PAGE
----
Restoring Your Home after a Storm
Posted February 24, 2015
Anyone whose home has ever been hit by a ferocious rain shower, hail storm, or snow fall, or felt the impact of a hurricane, knows the havoc these forces of nature can wreak. In the midst of a bout of fierce weather, the focus is on human survival, but after the storm has passed, it’s time to restore and repair your property. One of the most devastating effects of a storm is the damage that water is capable of doing to a house. And that damage is more than “skin deep”; both the safety and structure of the building are often compromised.
Water damage can destroy the structural integrity of your home. Although to an untrained observer, the walls and roof might appear to be intact, they could well be weakened and at risk of eventual collapse. Your electrical system is another potential hazard if it has been affected by water, particularly corrosive salt water. What’s more, the flood water itself can be a source of danger; it may contain contaminants which can cause infectious diseases. Protect yourself and your family by following sensible precautions. Do not drink the contaminated water or eat any food that has been exposed to it. Avoid physical contact with flood water, especially if you have an open wound or have the slightest suspicion that the water may be electrically charged.
Assessing the Damage
A professional remodeling contractor who specializes in restoring storm damage has the knowledge to assess the hazards and extent of the destruction. He will be able to help you file a claim for compensation with your insurance provider. (NOTE: Storm restoration is not covered by homebuilder’s insurance, but rather by your homeowner’s policy. Special flood insurance, mandatory if you own a residence in a high-risk area, is necessary to make a claim for flood damage to your house and its contents.) Federal disaster assistance may be another option for financial aid in the home restoration process – however, bear in mind that this assistance tends to come in the form of an interest-bearing loan. The National Flood Insurance Program estimates the average cost of flood restoration in the tens of thousands of dollars; if you have purchased flood insurance at least 30 days prior to the water damage, it should cover this amount minus the policy’s deductible.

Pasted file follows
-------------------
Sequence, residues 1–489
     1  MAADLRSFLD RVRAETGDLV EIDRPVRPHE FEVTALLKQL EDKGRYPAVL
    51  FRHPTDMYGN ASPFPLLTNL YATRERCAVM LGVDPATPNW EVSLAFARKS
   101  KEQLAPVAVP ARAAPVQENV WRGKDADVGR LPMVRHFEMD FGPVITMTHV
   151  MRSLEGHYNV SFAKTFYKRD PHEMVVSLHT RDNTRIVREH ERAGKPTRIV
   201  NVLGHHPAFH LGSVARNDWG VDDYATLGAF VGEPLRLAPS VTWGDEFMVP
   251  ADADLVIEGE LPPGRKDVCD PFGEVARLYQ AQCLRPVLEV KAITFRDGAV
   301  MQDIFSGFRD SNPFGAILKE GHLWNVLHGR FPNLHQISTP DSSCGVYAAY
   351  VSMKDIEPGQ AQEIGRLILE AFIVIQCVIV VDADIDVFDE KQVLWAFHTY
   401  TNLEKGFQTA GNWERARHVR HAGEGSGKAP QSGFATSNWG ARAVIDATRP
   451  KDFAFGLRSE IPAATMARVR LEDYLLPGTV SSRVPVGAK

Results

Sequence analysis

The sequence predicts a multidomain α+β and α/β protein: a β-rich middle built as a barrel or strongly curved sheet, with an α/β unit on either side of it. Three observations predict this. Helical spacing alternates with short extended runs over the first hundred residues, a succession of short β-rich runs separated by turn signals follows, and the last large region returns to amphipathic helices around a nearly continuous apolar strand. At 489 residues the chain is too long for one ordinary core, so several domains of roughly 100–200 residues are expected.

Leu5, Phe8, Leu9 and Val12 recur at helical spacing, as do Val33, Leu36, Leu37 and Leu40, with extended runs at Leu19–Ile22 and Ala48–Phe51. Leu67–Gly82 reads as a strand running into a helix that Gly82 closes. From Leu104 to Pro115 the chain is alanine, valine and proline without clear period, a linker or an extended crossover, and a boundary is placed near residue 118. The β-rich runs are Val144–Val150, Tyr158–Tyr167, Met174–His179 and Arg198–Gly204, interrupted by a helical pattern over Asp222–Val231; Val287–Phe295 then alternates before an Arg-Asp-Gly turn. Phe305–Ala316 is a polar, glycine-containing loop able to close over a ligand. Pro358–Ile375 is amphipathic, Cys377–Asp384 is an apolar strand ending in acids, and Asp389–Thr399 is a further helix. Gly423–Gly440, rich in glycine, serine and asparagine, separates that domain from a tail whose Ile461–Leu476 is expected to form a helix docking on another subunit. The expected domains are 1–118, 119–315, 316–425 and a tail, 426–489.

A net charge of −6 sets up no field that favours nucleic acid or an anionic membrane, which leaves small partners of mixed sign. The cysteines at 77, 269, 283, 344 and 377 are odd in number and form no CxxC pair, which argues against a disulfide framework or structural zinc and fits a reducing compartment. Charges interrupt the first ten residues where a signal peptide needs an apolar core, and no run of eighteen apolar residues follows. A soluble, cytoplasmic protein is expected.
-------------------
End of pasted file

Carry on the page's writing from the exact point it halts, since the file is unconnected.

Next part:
What Will Need to Be Restored
Everything in your home from the ground up may have to be restored. According to the NFIP, the most commonly needed post-flood remodels include repair or replacement of water-damaged flooring; kitchen and bathroom cabinets; wall insulation, drywall, or paneling; wall finishes; doors, windows, and baseboards; and electrical and plumbing systems. Add to this the task of removing damaged and dangerous materials, as well as the extensive cleaning which is likely to be necessary to make your home safe and disease-free. As a rule, the sooner you get started with water restoration, the better. Untreated water damage will not go away on its own, but instead will tend to get worse, further weakening the property and providing the perfect breeding ground for mold, mildew, and bacteria --- definitely not substances that you want in your home.
Laura Firszt writes for networx.com.
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